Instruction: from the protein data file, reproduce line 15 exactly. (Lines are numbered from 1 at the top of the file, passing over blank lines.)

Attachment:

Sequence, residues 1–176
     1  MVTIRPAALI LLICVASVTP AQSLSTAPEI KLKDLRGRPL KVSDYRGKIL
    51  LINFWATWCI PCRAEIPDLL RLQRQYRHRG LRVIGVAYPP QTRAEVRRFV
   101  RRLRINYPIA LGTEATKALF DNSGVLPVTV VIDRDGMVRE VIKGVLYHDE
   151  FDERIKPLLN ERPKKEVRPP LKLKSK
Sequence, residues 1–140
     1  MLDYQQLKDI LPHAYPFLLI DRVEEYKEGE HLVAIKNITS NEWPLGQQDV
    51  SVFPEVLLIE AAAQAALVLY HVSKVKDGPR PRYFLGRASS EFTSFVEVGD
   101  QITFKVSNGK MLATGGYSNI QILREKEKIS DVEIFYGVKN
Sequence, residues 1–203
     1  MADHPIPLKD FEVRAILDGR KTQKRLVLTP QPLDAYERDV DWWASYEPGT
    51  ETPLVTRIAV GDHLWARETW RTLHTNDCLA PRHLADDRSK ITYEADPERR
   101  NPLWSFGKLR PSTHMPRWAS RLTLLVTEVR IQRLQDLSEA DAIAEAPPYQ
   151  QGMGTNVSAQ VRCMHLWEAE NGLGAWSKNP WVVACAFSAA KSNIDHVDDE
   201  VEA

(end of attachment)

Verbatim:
   201  VEA